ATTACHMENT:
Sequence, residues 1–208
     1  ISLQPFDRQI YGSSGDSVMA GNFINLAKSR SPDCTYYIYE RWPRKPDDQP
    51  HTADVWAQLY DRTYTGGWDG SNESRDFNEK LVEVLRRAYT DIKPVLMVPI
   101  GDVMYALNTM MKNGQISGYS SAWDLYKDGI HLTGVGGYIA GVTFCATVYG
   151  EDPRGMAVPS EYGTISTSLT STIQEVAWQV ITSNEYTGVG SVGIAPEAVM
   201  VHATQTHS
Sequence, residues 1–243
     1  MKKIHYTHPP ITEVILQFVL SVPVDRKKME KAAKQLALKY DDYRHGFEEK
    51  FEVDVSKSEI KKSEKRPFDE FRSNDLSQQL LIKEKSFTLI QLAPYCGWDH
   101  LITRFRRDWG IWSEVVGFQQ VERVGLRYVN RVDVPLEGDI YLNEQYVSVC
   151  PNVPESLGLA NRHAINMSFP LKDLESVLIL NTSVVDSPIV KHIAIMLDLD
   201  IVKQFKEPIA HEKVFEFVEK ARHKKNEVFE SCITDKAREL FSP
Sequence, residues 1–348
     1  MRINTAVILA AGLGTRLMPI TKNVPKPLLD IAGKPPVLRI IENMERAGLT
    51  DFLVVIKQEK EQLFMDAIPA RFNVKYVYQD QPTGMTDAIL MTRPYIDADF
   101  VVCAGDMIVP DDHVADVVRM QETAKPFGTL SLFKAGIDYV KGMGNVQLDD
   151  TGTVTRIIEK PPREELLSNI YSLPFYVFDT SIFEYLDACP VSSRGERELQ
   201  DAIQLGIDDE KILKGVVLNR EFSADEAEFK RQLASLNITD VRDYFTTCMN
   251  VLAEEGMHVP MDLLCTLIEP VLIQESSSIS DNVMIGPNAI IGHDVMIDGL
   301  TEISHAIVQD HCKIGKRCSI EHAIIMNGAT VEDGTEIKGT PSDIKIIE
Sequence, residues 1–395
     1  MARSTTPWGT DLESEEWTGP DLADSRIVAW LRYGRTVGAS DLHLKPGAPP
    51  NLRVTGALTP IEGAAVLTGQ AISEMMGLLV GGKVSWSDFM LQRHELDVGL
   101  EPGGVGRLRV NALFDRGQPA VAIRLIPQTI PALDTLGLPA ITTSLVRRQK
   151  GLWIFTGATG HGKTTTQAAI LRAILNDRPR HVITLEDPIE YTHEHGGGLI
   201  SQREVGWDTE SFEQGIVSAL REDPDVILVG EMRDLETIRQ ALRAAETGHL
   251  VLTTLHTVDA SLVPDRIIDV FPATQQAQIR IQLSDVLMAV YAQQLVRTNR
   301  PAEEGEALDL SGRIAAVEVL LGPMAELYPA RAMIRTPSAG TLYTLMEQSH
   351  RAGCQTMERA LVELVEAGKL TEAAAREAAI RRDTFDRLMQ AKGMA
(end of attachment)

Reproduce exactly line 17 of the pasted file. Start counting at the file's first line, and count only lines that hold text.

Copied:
   151  TGTVTRIIEK PPREELLSNI YSLPFYVFDT SIFEYLDACP VSSRGERELQ